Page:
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Tag: Boston Catholic Diocese

Black Collar Crime: Catholic Priest James Talbot Faces New Sexual Assault Charges

father james talbot

The Black Collar Crime Series relies on public news stories and publicly available information for its content. If any incorrect information is found, please contact Bruce Gerencser. Nothing in this post should be construed as an accusation of guilt. Those accused of crimes are innocent until proven guilty.

Catholic priest James Talbot was indicted earlier this month on charges of gross sexual assault. Talbot previously spent six years in prison after pleading guilty to raping two high school students.

Dennis Hoey, a reporter for the Press Herald, writes:

A former Jesuit priest who taught and coached at Cheverus High School for nearly two decades before being fired in 1998 is scheduled to be arraigned in Portland on charges he sexually assaulted a minor in Freeport nearly 20 years ago.

A grand jury indictment dated Nov. 9 and obtained by the Press Herald on Tuesday identifies the priest as 80-year-old James Francis Talbot of Dittmer, Missouri.

The indictment charges Talbot with gross sexual assault, a Class A offense, and with unlawful sexual contact, a Class C offense.

The indictment alleges that Talbot engaged in a sexual act with a minor and subjected the minor, who was 8 or 9 years old at the time, to sexual contact on or between May 1, 1997, and June 14, 1998.

The indictment said the alleged crimes took place in Freeport, but offered no information about a specific location, Talbot’s relationship to the minor, or why Talbot was in Freeport. It also was not clear why the charges are being brought now or whether this is the first time Talbot has been charged in Maine.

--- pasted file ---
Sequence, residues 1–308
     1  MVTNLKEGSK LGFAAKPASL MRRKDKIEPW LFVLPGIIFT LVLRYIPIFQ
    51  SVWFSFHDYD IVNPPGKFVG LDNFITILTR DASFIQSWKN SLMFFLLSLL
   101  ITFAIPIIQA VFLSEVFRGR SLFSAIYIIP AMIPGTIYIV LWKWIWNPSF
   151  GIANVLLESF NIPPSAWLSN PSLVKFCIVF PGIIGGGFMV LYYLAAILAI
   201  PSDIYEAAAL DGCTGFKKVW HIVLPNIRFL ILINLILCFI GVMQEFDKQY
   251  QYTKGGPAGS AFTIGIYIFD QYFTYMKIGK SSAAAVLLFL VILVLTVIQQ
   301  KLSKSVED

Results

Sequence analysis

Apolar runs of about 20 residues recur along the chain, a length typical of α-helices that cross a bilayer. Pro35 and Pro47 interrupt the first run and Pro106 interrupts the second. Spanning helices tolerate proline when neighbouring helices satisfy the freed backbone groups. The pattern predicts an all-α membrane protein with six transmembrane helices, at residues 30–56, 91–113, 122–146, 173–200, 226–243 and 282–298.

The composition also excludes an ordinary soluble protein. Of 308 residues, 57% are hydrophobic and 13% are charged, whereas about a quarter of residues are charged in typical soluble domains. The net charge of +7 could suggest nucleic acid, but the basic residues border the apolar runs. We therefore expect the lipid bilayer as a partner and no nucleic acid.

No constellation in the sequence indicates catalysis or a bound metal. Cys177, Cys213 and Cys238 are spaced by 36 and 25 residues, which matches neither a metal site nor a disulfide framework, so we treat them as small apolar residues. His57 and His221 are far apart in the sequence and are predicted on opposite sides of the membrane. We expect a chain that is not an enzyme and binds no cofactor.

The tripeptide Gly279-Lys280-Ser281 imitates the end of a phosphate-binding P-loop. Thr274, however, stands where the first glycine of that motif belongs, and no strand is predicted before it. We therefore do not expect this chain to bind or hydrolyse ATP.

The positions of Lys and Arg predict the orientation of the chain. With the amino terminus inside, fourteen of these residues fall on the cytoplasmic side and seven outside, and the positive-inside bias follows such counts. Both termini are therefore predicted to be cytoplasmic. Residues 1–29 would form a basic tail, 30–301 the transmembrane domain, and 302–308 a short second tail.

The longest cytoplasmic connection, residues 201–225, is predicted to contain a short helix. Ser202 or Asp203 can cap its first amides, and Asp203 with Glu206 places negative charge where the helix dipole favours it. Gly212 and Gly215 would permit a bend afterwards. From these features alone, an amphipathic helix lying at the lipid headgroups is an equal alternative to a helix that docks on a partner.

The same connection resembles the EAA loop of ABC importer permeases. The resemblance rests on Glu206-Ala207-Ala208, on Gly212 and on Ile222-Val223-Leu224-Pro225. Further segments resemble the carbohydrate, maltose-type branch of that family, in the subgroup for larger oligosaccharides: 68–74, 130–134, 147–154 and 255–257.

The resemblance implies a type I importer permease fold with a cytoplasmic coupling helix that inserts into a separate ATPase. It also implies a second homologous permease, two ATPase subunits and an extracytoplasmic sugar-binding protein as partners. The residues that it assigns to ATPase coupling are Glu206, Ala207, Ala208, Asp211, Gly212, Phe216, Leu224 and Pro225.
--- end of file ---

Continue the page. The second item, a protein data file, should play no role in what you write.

According to Maine statute of limitations, a prosecution for incest, unlawful sexual contact, sexual abuse of a minor, rape or gross sexual assault may be commenced at any time if the victim was not 16 at the time of the alleged crime.

The Boston Globe reported in October 2005 that Talbot pleaded guilty to raping and sexually assaulting two Boston College High School students in the 1970s and was sentenced to five to seven years in prison. Prosecutors said the assaults took place during wrestling practices.

When Talbot was accused of molesting the Boston College high students in 2002, the president of Cheverus said the school was unaware of the incidents in Boston when Talbot was hired in 1980.

“It was absolutely not known,” the Rev. John Keegan told the Press Herald in March 2002. “I was superior of the community and I would have heard. But there were no hints at all.”

Talbot served six years before he was released in 2011. He was ordered by the court to live out of state in a secure, monitored treatment facility.


Talbot was targeted in the Boston Globe’s Spotlight investigation into abuses that had occurred within the Catholic Church. The Globe’s investigation resulted in the movie “Spotlight” that told the story of how the newspaper uncovered the sex abuse scandal in the Boston church.

In a March 2002 Spotlight article, the reporting team said that Talbot coached wrestling at Boston College High School and that he engaged in a “bizarre habit” of wrestling with students who were in various stages of undress, including wearing only athletic supporters. He was transferred to Cheverus High School in 1980.